As I continued to look into the Scripture, I noticed that angels’ wings were fluttering all around the first few chapters of Matthew and all through the narratives of the conception and early childhood of Jesus. And I wondered what this might have to add to the truth that I discovered about Jesus being declared as our deliverer from the very start.
The root word for Angel is messenger. Angels are simply messengers of God if you go simply by their name. And this truth is both helpful, and somewhat deceiving if you just stop there.
One of the books I utterly hated when I went to a Christian college was a series of novels with all sorts of angels and demons called THIS PRESENT DARKNESS. From the moment it came out, everyone seemed to be seeing angels and demons in everything. If something went bad in their life, it was because of demons. If they narrowly avoided car accidents, it was because a host of angels protected the vehicle. I remember a friend invoking angelic protection as we were about to drive from Sterling, KS to Lawrence in a small hatchback in the middle of a blizzard. I kept wondering why God did not advance the angels ahead of time to give him a vision to get snow tires for the death trap we called his vehicle. Providentially, we made our journey safely.
There is a lot of angelology and demonology that is based on extra-biblical philosophy and experience. But much of these stories reflected a truth I often ignore, and that I rediscovered in preparing for this sermon.
You see I did a little study on angels through the Bible and biblical history. And one thing you notice right away about the angels in scripture is that they are always in the middle of a cosmic battle. Read Daniel and Revelation. Look at what is implied in the passage on spiritual warfare in what Paul said to the Ephesian church.
As we look at this passage, we see right away that there is a power struggle happening. From the beginning, Jesus is under attack. From the beginning, Jesus is in the middle of a battle.
This should not have surprised me, because deliverers often are engaged in a great struggle or battle in order to deliver those in bondage. But it was a surprise nonetheless.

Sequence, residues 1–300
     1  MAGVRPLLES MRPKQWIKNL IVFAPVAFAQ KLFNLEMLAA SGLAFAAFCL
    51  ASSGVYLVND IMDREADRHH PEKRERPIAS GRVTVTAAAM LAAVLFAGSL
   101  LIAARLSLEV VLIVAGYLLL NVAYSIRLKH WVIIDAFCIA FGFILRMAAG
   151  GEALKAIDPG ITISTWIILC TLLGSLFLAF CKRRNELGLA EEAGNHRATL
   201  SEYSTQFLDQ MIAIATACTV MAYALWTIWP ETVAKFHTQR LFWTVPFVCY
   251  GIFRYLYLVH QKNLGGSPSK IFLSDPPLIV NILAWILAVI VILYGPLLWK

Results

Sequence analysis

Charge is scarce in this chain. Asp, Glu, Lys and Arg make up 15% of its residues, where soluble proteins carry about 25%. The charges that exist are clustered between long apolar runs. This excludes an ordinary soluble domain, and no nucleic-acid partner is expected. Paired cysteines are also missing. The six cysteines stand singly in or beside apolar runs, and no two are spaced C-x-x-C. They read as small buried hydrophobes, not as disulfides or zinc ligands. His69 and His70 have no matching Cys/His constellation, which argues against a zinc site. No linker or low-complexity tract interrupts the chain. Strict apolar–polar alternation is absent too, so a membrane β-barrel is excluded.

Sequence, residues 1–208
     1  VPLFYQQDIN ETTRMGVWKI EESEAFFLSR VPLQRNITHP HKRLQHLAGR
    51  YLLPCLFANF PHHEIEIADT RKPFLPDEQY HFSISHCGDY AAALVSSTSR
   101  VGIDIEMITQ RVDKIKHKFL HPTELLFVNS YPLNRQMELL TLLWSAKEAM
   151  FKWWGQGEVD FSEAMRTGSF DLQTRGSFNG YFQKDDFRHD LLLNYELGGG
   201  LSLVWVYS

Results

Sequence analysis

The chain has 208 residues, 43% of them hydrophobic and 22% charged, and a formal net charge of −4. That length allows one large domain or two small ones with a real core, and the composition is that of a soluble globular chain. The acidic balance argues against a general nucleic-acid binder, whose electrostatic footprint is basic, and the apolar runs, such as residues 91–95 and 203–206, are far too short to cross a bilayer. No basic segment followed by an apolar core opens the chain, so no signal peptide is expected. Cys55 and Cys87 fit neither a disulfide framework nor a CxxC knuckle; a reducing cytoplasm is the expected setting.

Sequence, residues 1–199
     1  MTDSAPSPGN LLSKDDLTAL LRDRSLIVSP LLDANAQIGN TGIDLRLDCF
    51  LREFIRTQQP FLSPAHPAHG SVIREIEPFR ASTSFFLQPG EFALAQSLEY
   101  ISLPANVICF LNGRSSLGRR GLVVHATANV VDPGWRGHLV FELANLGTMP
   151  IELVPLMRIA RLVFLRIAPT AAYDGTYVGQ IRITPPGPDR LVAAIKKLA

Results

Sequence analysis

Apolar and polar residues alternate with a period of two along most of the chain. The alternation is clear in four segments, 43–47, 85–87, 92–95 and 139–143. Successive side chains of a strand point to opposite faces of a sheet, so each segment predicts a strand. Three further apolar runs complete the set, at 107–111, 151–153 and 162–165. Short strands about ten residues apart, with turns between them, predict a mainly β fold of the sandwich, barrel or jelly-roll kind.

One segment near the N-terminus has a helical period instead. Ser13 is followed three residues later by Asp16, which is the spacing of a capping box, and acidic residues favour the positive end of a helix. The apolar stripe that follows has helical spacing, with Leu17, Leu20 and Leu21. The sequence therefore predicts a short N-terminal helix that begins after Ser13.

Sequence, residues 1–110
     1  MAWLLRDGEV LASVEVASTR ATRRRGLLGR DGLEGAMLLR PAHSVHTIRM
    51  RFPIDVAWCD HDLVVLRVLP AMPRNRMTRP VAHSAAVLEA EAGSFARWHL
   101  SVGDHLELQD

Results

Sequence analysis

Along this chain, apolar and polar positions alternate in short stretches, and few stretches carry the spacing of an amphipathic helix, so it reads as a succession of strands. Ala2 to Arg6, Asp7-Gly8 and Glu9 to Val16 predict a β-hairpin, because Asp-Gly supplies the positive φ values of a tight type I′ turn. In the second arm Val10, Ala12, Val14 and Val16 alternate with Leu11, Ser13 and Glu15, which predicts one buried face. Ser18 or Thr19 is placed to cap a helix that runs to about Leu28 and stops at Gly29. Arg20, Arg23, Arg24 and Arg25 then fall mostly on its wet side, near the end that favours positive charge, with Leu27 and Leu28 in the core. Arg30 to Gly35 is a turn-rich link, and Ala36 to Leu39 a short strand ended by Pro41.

As a young Christian, I used to think that when I became more mature and knowlegable in my faith, that somehow following Jesus would become easier. That it would go from being a daily battle to second nature.
I have since come to agree with renowned Christian leaders like CS Lewis and Thomas a Kempis who say the opposite. The more I grow in my faith, the more it is a battle to continue to strive to be faithful. With increase in faith, I also find increase in temptation. The more I seem to press forward in my journey of faith, the more acute the attacks of the enemy seem to be at the same time. And the more attractive running away from everything I have built my life on seems to be. Because even though I am called into the battle of faith, a lot of times it seems easier to be a coward.
One of my favorite modern Christian leaders, Eugene Peterson, puts it this way. He says that there is no place in the universe that is not contested ground. Each and every moment is a battle. Each and every decision has not only personal but cosmic importance.
At the risk of being overly direct and transparent, or sounding weak or complaining, I feel compelled to share something with you. My experience in ministry has felt like a battle. There is not a year that I have not struggled with the fear that all of my efforts have not made a bit of difference. There has not been a year in over 11 years of ministry where I have not been ambushed by an unexpected attack. I have been lied about and lied to. I have been picked at and picked apart. I have been criticized about everything from my svelt physical appearance and my choice of footwear to how peppy or somber I am to the fact that I am not married. And everything in between. Sometimes these difficult experiences that feel like attacks are used by God’s grace to allow him to work victory in my life and my ministry. Other times they can be classified as nothing more than spiritual attack in my mind. Either way, I guess I see part of being called to ministry and to follow Jesus is a call to be a good soldier in the spiritual battlefield I am assigned to.
It’s interesting. In continuing in the struggle, at least in my ministry and spiritual journey, I have over and over seen the grace of reconciliation and forgiveness at work. Through persisting in love and hope I have seen students who were dead set on doing everything they could to see me fired by my church (and some have made valiant efforts) become friends, supportive youth leaders as they got older. In fact, one such student now meets with a mutual friend and prays for me and my family specifically on a weekly basis. The same has happened with parents, church leaders, peers in ministry, and even leaders in the community. And this is no surprise to us. The thing is, I don’t get deserve any credit for this. My deliverer does. Because his invasion into this world is about this kind of thing. This is because even though Christ comes as our deliverer, and joins into spiritual battle along side us to deliver us, he is a different kind of leader than the leaders of this world. And he fights a different kind of battle than we expect.